Combining scenarios with numerical models
We often find that we are asked to develop scenarios to get a longer term view of the future, and then use the scenarios to set values for parameters in an existing model to derive numerical values.
- Working with Helios for Eurocontrol, we were asked to derive scenarios for air traffic in 2050. The existing model for traffic to 2035 was to be used to provide the numerical estimates. Much of the model could be flexed in this way, but other areas needed a deep knowledge of the model to see how to incorporate (emulate) major changes in flying behaviour in relation to GDP, and increases in importance of “over-flights” for instance between Asia and Africa.
- Working with Experian for the Construction Skills Council, we were asked to derive quantitative scenarios for the construction work force in 12 years ahead. SAMI and Experian worked closely together and the scenarios were developed to provide the standard inputs to Experian’s existing short term model. A deep understanding of the model allowed data input changes to accommodate a few parameters that were beyond the model’s normal use. This was also aided by the relatively short timeframe of this project, and the reduced likelihood of extreme changes.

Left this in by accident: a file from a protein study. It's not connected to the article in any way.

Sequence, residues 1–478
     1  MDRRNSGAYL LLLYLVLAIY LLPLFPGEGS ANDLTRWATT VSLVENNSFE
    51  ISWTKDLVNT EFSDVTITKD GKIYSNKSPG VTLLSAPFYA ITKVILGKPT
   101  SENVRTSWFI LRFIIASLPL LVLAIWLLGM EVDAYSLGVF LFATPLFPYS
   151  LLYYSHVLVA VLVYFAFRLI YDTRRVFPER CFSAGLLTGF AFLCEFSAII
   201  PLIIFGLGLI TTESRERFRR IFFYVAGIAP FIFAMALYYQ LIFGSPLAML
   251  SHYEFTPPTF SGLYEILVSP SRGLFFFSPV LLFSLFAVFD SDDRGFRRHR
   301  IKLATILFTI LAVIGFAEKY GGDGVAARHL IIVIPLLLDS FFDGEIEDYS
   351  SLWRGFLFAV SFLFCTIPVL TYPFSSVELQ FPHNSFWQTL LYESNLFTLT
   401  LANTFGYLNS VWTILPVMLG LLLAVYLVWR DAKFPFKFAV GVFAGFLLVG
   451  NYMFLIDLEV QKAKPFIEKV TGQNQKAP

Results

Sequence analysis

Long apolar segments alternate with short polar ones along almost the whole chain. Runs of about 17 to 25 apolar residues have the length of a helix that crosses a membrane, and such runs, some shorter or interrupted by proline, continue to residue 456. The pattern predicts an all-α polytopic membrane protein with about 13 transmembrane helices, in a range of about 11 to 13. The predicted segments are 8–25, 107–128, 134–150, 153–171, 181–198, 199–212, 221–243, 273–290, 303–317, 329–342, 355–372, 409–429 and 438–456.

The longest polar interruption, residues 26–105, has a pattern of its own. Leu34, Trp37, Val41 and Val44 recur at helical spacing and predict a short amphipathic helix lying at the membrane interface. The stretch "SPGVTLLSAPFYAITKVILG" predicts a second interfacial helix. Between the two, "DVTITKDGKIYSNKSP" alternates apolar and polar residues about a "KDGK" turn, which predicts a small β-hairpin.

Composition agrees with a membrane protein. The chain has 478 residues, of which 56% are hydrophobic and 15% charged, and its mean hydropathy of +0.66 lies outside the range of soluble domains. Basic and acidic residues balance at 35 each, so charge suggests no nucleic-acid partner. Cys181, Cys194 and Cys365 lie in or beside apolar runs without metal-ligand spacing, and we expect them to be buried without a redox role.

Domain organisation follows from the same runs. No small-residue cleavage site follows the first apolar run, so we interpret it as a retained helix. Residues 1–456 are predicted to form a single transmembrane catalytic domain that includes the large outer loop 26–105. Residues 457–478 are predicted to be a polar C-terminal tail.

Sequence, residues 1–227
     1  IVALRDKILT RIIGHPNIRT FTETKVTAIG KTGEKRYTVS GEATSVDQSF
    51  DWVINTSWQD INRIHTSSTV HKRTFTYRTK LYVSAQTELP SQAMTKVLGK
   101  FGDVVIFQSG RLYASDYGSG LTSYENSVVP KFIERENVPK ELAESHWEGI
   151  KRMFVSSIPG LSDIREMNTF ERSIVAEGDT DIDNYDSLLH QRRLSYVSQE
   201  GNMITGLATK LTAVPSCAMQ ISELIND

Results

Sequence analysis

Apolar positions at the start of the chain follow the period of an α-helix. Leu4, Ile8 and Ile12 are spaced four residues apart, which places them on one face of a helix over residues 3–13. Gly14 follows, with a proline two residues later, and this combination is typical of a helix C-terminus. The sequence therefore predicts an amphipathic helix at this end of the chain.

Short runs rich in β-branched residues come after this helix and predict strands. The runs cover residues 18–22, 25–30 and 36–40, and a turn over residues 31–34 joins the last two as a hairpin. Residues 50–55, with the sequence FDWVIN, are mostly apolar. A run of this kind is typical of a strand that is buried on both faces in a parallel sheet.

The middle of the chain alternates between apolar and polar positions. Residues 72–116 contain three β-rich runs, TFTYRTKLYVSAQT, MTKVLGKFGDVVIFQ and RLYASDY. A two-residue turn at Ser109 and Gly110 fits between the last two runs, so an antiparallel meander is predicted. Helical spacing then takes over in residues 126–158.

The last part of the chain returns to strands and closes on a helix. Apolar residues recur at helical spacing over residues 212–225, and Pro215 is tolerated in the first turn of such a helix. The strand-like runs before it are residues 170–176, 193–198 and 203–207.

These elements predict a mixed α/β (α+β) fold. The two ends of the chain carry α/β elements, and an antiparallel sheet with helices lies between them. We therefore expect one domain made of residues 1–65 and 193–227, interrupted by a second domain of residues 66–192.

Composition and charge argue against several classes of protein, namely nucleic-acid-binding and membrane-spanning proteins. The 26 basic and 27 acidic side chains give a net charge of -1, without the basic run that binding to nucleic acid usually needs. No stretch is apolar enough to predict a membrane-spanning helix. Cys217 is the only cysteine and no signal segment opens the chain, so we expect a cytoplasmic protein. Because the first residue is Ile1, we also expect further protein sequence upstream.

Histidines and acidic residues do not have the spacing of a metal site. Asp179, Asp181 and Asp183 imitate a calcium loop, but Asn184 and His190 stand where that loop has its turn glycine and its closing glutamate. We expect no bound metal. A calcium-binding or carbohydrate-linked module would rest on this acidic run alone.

The practical problems that arise in such exercises are
- Access to a person with detailed knowledge of the way in which the model was created, and which parameters are important in determining the factor to be modelled – eg air traffic. It is very rare that a model is built so robustly that all of the underlying assumptions are clear to a reader who only has the spread sheet.
- Ability to change the model and check that it gives the same results as before for previous timeframes or domains. This is important for the credibility of the new results to stakeholders.
When building a model from scratch to explore a set of scenarios, the links between the scenarios and existing budgeting or forecasting systems present similar challenges.